I have now read the report. The parts which were classified relate to American operational procedure in Iraq, so far as I can tell, and since it does not include the annexes which contain the basis for the substantial findings and recommendations, it is difficult to assess its accuracy. The essence of the account is that the driver, Angela Carpani drove towards the road-block, which was in place to prevent access to the road to Baghdad airport so that an unnamed VIP – who I believe was John Negroponte – could travel from the Green Zone to the airport safely, with the intention of getting on to the road to the airport, believing that the warnings given by the soldiers manning the check-point were likely to be an ambush, until the car was fired upon. When the car was fired upon, he swerved, and then stopped.
The report however does confirm that a number of rounds fired by the vehicle manning the road-block entered the car from the back and side. This seems to have been because, when the car was first hit, Carpani swerved, although it does cast some, by no means conclusive, doubt on the claim that the shots were fired with the intention of disabling the car rather than injuring or killing its occupants. The conclusion that these shots entered the car from the back and side because it swerved is, it should be noted however, based on the testimony of those involved, rather than ballistics evidence. This is because of the difficulty of assessing the scene in light of the car and the vehicles manning the road-block having been moved in the aftermath of incident – in order to clear the road and to take Sgrena to hospital – and the danger of insurgent attacks, and problems relating to the incident itself: the road conditions – it was raining – Carpani having swerved and so on. Although the report states that no shots were fired into the car after it had stopped, this is based, in part, on the testimony of the soldiers who would have come under criminal investigation had it been found that the car had been fired on after it had stopped. In fact, all the evidence there is in the report for the car having been first hit in the front – where shots would have disabled the car – rather than the back is that the soldier in question claims that he shot at the front first.
As I have already said, because of this lack of material evidence, it is rather hard to assess the accuracy of the report of the actual incident. However, it seems incredibly unlikely that there was any deliberate attempt to harm Sgrena, if for no other reason than the road-block was only there because of a communication breakdown which meant the unit organising the road-blocks along the whole road was unaware that the road had been used, and the road-blocks were no longer necessary – although now I write that... Additionally, the report claims that no American military personnel were aware of the specifics of Sgrena’s rescue, which largely seems to have been the result of Italian unwillingness to tell them anything about it. The officer liaising with the Italian in overall charge of the operation knew that agents had gone into Baghdad, and had been told not to be surprised were Sgrena to arrive at the airport, but had apparently also been told not to tell anyone about this.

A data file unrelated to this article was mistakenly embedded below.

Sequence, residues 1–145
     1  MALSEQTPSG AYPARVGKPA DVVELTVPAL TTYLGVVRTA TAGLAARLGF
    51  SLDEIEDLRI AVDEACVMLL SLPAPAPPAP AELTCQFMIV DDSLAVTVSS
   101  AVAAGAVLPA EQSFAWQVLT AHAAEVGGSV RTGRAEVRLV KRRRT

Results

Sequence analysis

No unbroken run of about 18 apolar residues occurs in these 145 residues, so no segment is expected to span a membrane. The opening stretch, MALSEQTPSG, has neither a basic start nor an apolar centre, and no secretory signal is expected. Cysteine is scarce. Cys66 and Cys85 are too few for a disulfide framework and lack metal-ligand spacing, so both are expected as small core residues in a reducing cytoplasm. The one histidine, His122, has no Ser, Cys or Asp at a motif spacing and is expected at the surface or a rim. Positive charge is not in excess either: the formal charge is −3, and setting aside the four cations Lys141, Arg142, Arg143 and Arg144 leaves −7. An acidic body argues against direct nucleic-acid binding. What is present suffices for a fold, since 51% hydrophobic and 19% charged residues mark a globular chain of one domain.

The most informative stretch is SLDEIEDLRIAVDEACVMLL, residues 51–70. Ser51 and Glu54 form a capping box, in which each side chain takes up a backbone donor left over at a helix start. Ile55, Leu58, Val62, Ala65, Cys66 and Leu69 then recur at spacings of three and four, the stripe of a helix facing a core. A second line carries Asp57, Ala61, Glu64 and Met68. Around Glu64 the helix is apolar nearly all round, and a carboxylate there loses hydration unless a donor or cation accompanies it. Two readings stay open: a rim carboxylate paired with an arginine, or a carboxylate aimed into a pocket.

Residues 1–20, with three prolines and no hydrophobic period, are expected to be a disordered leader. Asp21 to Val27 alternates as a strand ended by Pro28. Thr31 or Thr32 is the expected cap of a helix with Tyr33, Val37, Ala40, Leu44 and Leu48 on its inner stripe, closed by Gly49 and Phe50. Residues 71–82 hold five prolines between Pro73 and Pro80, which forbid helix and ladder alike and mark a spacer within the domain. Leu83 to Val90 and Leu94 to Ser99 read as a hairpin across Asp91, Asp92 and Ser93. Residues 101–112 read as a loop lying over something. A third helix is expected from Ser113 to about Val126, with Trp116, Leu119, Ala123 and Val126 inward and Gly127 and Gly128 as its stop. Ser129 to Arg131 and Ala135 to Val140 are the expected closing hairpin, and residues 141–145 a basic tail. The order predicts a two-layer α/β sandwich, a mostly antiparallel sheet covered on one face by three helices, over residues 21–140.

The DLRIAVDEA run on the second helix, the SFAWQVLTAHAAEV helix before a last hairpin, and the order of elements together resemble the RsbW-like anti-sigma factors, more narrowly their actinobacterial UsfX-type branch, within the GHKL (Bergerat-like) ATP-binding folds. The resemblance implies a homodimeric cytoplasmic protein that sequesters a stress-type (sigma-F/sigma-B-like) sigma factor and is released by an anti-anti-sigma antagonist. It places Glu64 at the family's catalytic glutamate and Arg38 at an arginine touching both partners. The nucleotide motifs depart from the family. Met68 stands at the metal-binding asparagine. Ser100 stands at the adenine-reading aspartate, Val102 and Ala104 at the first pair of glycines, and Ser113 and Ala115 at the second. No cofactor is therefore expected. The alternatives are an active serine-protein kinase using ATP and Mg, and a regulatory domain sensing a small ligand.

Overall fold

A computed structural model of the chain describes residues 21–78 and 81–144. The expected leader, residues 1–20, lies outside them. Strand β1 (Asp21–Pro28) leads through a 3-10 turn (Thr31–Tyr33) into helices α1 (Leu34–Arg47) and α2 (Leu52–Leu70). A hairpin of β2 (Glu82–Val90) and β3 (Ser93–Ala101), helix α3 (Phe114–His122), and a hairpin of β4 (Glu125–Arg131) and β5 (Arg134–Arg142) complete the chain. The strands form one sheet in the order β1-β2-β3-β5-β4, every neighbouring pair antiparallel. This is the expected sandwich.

Exactly why this was is not made clear by the report, although the implication is that it was a matter of Italian foolishness, rather than any concern, perhaps with how and by whom the information would be used. There also seems to have been a failure on the part of the Americans to communicate with the Italians. It is not clear, for example, whether any Italian officials were aware that the main road from Baghdad to the airport would likely be used at some time that evening by Negroponte, and hence have access to it closed. Certainly, Carpani and Calipari were not aware, as they had no alternative route planned, despite the fact that Carpani had been working as a driver in Baghdad for some time, and must have been aware that the road was sometimes closed.
In a way more interesting than the substantive conclusions of the report relating to the incident is the information it contains on the number of insurgent attacks in Iraq. In the nine months leading up to the incident, there were 15,257 attacks against Coalition forces in Iraq. In the four and a half months before the 12th of March this year, there were 2400 attacks on Coalition forces in Baghdad alone. 135 of these were on the road between the airport and the city centre. The site of the road-block had, when being used as a check-point, been attacked 13 times, twice with car bombs, in that time period. The insurgency is clearly dying down then. It may also be worth noting that all of those manning the road-block were members of the National Guard, rather than full-time soldiers.
Update: the Today Programme had as one of its leads today that the Italian report into the incident has been published, and it disputes the conclusions of the American report. The BBC website has a round-up of it here. I may try and get the better half to translate it, but she, as I am, is rather busy with finals, and 52 pages of translation may be a bit much.